Support Programs for a Large-Scale Computer Production Control Project
- T.W. Michie Jr. (Exxon Company U.S.A.) | A.N. Kidd (Exxon Company U.S.A.) | W.A. Page (Exxon Company U.S.A.)
- Document ID
- Society of Petroleum Engineers
- Journal of Petroleum Technology
- Publication Date
- January 1973
- Document Type
- Journal Paper
- 31 - 36
- 1973. Society of Petroleum Engineers
- 7.6.2 Data Integration, 1.10.1 Drill string components and drilling tools (tubulars, jars, subs, stabilisers, reamers, etc), 4.1.5 Processing Equipment, 1.6.9 Coring, Fishing, 4.1.2 Separation and Treating, 4.3.4 Scale, 6.1.5 Human Resources, Competence and Training
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Training for computer center operators, design engineers, and maintenance personnel; equipment testing to locate design deficiencies; acceptance personnel; equipment testing to locate design deficiencies; acceptance testing to insure equipment quality and to minimize installation time; and programmed preventive maintenance--these are programs that have been programmed preventive maintenance--these are programs that have been instituted by one major company to assure equipment reliability and data integrity in its computer production control system.
In four of its five operating divisions, Exxon Company, U.S.A. (a Division of Exxon Corporation) has instituted a Computer Production Control (CPC) program, using identical computer centers and program, using identical computer centers and program systems to monitor and control oil and gas program systems to monitor and control oil and gas producing operations. The company presently uses producing operations. The company presently uses CPC to operate 26 fields with a total of 4,100 wells. The daily production of these fields is 315,000 bbl of oil and 1 Bcf of gas. CPC is being installed in eight additional fields, which will bring total CPC-operated production in 34 fields to about 375,000 B/D. production in 34 fields to about 375,000 B/D. The objectives of the CPC program are to increase the effectiveness of producing operations and to use manpower more efficiently. The system is designed to continuously monitor and feed back operating data to field personnel and to perform control functions, generate reports for regulatory purposes, and enter oil and gas volumes directly into the accounting system. The CPC system is a multicomponent operation, with equipment ranging in complexity from a two-position switch to a real-time process control computer. Maximum benefits can be derived from such a system only if (1) personnel responsible for the design, implementation, operation, and repair of the individual components are adequately trained; (2) measurement accuracy and reliability are verified before equipment is selected; (3) equipment is factory and field tested before it is accepted; and (4) programmed preventive maintenance is begun as soon programmed preventive maintenance is begun as soon as the system is implemented.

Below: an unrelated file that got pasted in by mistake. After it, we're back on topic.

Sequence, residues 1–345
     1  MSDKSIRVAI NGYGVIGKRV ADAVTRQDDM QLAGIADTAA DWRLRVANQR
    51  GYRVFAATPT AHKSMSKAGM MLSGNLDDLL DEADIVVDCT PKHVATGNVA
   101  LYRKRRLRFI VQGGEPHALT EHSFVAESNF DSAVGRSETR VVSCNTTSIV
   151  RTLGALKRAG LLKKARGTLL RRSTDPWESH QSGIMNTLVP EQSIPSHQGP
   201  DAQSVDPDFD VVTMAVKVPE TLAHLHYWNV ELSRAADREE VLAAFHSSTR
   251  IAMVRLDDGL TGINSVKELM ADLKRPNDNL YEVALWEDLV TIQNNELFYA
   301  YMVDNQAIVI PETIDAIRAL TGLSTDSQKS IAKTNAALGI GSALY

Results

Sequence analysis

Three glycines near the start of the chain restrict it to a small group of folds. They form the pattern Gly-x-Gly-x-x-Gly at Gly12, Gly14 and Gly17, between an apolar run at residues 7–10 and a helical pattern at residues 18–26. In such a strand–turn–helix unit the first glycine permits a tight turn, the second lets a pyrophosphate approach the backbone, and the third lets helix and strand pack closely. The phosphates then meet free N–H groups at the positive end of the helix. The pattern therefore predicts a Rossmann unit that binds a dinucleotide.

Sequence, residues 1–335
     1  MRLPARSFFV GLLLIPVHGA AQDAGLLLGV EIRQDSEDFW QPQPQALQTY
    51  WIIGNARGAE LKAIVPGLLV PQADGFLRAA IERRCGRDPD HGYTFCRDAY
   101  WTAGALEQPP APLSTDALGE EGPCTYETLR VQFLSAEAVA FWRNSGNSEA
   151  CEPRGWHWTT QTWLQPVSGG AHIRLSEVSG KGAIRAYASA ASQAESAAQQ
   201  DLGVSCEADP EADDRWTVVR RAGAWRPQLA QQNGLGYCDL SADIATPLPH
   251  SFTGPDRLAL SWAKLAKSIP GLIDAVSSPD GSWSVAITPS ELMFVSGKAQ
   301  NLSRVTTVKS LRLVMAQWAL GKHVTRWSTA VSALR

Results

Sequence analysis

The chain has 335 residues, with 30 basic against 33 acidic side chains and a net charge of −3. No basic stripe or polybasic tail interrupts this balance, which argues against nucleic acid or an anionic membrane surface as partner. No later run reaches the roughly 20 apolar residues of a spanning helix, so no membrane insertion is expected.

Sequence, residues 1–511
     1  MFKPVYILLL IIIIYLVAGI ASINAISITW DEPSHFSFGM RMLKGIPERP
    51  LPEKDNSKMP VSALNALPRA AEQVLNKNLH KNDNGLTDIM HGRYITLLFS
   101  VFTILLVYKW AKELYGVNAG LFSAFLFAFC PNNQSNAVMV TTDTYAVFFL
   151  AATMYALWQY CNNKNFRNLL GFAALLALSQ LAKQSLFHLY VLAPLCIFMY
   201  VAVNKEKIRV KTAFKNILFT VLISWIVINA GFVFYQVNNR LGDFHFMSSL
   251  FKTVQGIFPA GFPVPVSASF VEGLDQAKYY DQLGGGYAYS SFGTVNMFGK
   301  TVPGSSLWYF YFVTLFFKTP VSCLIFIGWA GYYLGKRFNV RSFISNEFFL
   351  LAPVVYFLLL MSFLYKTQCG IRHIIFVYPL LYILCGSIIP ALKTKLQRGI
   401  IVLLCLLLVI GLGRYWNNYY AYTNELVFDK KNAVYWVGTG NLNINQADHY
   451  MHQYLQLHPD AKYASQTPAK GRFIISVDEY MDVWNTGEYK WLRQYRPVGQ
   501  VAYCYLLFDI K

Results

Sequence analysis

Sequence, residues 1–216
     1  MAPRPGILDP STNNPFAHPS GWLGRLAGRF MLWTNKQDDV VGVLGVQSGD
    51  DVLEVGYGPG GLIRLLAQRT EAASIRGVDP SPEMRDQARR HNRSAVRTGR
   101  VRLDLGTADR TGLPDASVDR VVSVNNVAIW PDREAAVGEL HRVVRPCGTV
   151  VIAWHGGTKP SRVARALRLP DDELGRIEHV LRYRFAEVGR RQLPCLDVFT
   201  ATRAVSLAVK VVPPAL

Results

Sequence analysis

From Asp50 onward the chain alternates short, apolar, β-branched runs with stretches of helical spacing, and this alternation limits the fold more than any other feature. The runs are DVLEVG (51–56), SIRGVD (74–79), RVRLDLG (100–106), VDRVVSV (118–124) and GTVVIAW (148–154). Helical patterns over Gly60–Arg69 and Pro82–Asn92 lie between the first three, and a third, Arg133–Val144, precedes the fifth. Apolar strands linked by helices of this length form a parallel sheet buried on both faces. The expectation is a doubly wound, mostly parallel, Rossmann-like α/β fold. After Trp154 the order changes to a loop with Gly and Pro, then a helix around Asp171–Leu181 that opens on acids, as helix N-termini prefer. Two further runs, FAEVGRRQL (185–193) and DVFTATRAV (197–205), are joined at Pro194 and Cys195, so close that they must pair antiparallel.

Basic CPC Features
In each division office there is a central process-control computer (Fig. 1), which is process-control computer (Fig. 1), which is programmed to monitor and direct field operations. programmed to monitor and direct field operations. The computer has a core memory of 48K and disc storage of more than 7,500K. The peripheral equipment in the computer center includes a high-speed line printer, two type-writers, and a card reader. A computer interface unit connects the computer with a communication network that links the computer with the CPC fields. Field equipment includes end devices located at the wells, metering sites, and central facilities (Fig. 2). These end devices generate volume information, measure tank levels, indicate alarms and status, and perform control functions. The field cabling connects perform control functions. The field cabling connects the end devices to the remote terminal unit, where volume information is accumulated, status/alarms are monitored, and analog (A/D) measurements are made. Upon request, this information is coded and transmitted from the remote terminal unit to the computer. The remote terminal unit also receives and decodes control and set-point (D/A) messages from the computer and transmits them to the appropriate end devices for execution. Phase shift modulation techniques are employed for transmission between the remote terminal unit and the computer interface unit. Data are transmitted at rates of 100 and 600 bits/sec. Communication between the computer center and field operating personnel is maintained through a man-machine input-output (I/O) system.
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